WTMA commentary broadcast 11/4/08:

This year there are many pundits and blowhards, including myself, who have tried to sway voters to support one candidate or another for one reason or another. Those who give their opinions for a living cannot afford to keep them private, however today, this election will be decided by the overwhelming majority of Americans who tend to keep their political opinions and their votes to themselves.

For president we have Republican John McCain, who some voters believe represents Armageddon, verses Democrat Barack Obama, who some believe represents Armageddon. Throughout this campaign, I have often been mistaken as an Obama supporter simply because I agree with Rush Limbaugh’s earlier contention that McCain would completely destroy the Republican Party, if not the conservative movement, and that Obama would be no worse than any other Democratic or Republican president, especially George W. Bush. I have found not being filled with hatred for either McCain or Obama has made me the target of hatred by both camps. Supporters of both are often irate that I would dare vote third party, instead of supporting their candidate. When I argue that in supporting Republican or Democrat versions of the same candidate, they are essentially throwing their vote away, they even get angrier.

I, for one, am ready for the anger to subside. When you walk into the voting booth today, forget about what the pundits have to say about anything – all of them. From Sean Hannity to Keith Olberman, FOX News to MSNBC, Jack Hunter to Richard Todd, each of us have agendas in supporting certain candidates, which are in part patriotic and in part personal, to varying degrees.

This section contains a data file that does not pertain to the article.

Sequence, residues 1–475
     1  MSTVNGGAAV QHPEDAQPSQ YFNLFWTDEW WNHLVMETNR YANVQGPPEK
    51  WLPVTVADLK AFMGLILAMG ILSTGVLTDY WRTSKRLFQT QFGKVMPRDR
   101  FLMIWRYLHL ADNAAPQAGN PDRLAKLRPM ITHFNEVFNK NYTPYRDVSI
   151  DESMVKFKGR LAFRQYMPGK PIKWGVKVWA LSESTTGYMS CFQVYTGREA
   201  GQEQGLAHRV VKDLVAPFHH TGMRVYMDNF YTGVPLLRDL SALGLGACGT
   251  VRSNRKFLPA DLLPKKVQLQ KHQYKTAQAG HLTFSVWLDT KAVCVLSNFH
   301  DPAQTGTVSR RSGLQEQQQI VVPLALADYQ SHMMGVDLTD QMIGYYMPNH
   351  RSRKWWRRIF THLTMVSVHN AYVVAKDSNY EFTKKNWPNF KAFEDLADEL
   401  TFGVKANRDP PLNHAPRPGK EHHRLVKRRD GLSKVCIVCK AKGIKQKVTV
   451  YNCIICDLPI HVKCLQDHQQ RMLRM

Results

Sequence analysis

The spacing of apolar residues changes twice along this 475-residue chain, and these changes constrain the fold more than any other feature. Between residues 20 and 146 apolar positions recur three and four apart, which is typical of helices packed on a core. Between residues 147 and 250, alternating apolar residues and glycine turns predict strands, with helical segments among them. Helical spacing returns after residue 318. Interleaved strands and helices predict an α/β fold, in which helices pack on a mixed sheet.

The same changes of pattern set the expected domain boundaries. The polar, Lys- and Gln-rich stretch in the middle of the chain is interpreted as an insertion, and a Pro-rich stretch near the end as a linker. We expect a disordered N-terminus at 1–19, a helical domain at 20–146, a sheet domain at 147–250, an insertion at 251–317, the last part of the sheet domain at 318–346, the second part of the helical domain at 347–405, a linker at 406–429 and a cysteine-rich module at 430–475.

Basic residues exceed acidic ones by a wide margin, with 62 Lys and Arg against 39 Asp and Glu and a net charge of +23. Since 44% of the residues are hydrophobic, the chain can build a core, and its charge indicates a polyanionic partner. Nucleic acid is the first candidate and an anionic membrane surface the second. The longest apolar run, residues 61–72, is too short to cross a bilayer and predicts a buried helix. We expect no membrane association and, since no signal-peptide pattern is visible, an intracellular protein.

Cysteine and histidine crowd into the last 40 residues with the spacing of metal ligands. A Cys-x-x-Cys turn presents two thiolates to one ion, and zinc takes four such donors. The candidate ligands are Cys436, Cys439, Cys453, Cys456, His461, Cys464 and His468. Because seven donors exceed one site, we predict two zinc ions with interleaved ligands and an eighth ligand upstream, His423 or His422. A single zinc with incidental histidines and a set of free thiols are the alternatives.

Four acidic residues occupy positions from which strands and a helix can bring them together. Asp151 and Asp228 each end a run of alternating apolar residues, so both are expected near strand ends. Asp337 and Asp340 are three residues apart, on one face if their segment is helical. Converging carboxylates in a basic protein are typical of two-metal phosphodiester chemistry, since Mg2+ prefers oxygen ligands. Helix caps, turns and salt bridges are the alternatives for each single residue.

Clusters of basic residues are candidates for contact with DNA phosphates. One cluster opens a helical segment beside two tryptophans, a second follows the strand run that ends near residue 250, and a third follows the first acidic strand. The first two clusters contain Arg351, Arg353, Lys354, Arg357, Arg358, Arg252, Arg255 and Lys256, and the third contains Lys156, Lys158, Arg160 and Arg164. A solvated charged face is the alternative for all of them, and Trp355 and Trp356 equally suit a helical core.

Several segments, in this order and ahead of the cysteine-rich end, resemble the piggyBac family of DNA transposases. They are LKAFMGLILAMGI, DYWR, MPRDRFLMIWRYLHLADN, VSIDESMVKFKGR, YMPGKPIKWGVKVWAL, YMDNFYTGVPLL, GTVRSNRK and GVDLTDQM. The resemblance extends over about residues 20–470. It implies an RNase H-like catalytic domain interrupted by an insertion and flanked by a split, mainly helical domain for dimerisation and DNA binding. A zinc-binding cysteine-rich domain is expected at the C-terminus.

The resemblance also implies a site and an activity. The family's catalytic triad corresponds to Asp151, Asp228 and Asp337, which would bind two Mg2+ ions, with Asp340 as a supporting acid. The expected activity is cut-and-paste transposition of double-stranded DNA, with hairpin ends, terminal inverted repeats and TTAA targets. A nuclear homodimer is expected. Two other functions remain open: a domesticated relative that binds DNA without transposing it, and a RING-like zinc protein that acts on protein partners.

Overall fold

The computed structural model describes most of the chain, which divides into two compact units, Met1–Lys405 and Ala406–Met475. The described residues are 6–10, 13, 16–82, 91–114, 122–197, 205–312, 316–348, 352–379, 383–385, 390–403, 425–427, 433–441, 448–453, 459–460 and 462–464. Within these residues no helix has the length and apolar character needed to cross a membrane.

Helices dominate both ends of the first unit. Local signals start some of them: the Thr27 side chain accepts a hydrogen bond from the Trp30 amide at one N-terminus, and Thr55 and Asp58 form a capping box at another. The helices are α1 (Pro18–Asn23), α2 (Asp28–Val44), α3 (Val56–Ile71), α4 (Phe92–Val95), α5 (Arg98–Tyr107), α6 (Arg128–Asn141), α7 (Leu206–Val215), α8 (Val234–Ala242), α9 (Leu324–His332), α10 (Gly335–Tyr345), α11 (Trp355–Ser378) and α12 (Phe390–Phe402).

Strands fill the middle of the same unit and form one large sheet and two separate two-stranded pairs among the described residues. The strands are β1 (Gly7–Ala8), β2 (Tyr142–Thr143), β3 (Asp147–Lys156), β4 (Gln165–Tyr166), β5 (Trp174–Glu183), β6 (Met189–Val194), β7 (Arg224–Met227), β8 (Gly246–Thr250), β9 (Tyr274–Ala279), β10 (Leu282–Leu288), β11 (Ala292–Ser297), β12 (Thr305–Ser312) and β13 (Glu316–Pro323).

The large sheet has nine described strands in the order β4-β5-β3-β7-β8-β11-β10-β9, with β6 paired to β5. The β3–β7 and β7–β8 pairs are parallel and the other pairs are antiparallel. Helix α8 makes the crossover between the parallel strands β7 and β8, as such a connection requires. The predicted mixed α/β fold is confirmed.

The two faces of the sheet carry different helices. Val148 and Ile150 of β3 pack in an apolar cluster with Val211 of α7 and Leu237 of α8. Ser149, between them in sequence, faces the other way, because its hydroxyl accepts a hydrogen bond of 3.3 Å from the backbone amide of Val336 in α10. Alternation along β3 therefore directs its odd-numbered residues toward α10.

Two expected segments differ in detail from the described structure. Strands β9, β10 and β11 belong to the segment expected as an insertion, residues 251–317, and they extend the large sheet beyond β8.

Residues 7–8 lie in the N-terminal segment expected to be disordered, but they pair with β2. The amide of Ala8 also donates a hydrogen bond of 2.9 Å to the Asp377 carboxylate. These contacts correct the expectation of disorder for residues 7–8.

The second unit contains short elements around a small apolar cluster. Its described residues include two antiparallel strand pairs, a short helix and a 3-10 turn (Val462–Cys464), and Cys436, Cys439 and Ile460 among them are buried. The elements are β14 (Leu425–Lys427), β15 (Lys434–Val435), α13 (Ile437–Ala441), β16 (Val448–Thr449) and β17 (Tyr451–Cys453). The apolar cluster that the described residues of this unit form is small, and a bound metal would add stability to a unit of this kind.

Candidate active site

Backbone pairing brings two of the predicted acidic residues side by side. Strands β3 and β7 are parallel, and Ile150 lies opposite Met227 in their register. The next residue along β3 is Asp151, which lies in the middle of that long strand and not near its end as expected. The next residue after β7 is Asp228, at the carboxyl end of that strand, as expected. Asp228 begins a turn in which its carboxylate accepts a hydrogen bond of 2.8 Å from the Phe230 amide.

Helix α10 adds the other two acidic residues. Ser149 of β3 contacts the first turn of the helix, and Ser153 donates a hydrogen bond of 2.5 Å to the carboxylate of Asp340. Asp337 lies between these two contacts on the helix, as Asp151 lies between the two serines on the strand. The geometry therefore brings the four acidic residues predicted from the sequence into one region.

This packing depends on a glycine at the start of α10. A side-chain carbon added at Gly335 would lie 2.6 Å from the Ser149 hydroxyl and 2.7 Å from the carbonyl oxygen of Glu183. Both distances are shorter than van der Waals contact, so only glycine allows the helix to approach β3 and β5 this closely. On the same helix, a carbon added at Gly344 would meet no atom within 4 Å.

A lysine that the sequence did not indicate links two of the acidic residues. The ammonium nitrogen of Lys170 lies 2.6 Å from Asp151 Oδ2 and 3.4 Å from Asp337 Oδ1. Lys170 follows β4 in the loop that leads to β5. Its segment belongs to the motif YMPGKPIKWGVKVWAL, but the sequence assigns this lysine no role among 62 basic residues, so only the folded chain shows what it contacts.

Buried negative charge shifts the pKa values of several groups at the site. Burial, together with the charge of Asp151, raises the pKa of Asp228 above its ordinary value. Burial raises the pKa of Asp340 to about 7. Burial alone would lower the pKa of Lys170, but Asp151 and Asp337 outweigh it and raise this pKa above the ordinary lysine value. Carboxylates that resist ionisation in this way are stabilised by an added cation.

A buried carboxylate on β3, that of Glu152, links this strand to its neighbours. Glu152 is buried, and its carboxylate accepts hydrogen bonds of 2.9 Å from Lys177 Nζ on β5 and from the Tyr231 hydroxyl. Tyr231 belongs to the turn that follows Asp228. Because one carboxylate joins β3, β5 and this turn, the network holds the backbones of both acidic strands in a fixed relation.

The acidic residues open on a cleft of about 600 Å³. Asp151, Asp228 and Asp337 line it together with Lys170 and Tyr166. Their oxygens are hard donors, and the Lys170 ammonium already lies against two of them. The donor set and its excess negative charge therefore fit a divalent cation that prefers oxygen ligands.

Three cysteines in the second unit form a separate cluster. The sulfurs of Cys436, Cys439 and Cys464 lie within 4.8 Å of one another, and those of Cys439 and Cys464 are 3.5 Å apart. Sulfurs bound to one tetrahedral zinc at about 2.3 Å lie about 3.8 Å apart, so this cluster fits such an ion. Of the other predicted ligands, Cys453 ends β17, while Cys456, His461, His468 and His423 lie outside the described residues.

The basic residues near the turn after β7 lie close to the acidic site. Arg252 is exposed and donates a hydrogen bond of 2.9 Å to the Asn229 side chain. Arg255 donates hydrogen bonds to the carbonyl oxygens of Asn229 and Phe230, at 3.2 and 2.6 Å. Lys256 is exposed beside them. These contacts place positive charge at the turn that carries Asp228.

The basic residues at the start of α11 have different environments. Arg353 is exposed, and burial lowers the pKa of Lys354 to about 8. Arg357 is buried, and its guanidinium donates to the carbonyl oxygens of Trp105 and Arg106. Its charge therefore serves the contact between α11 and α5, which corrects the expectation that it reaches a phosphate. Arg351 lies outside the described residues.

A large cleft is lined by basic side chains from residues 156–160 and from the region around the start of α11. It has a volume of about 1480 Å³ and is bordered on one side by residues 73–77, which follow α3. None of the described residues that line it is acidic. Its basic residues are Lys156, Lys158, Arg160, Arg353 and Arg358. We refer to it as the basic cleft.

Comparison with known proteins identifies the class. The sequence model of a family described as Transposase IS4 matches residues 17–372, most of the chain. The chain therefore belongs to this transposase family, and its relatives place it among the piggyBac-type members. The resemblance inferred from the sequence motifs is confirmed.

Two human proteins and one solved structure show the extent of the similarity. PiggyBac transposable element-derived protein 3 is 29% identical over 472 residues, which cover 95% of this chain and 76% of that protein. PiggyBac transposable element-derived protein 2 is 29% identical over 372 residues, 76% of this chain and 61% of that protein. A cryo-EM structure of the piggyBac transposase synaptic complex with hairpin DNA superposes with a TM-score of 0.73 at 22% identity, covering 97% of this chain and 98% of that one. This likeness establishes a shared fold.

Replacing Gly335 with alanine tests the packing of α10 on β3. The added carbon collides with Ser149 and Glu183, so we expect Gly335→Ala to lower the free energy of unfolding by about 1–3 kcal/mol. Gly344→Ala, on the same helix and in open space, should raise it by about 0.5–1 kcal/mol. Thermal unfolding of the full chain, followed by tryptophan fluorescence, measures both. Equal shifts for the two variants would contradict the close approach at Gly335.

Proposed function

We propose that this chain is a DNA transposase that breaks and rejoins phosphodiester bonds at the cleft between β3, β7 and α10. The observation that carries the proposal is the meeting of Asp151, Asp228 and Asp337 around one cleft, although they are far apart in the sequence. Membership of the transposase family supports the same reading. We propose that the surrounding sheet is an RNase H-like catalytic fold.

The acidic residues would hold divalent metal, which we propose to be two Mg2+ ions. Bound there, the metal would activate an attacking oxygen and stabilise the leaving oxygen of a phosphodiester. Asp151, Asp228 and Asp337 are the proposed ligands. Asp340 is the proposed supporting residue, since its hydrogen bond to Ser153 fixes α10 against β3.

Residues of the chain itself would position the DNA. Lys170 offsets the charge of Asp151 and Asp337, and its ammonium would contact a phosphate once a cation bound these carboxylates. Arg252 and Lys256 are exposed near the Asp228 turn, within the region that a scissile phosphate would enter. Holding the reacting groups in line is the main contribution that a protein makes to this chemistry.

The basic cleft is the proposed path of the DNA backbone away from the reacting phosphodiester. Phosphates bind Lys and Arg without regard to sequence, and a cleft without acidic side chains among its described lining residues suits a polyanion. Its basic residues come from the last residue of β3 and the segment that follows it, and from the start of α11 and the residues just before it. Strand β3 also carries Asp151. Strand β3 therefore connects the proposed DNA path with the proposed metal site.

Hannity’s cheerleading for McCain has as much to do with his occupation as who he honestly believes would make a better president, as does Olberman’s bending over backwards for Obama. FOX News has a vested interested in electing a Republican president as MSNBC has in electing a Democrat. As a lifelong movement conservative, I have long-term philosophical reasons in opposing both major candidates that might have zero impact on the average person in the immediate sense. I cannot speak for Richard.

But you should speak for yourselves at the ballot box. Your own personal self interest is as important, if not more important, than the ideological sloganeering of any talking head, and the small businessman who votes for McCain is as sensible as the military mother who votes for Obama. The small businessman might be able to bring home the bacon slightly better under McCain, and the military mother might be able to bring her baby home from Iraq slightly better under Obama. The “slightly better” qualification is what makes it impossible for me to support either candidate – but once again, I’m a radio loudmouth, not a small businessman or a military mother. I can only walk in my own shoes, not theirs.

Don’t let anyone tell you that you’re stupid, unpatriotic or wrong for voting McCain, Obama, third party or no party. It’s your vote, and no one has the right to judge how you spend your political currency anymore than how you spend actual currency. Imagine if your neighbor spent entirely too much money on some clunker of a car. What decent person would constantly harass him for his poor judgment? It would be considered inappropriate and rude. The same should be true of politics. Like political signs in one’s front yard, everyone has a voice, but where one yard ends, the neighbor’s begins. Poet Robert Frost once said “Good fences make good neighbors.” On this election day and any election day, the same philosophy will always make for good voters.

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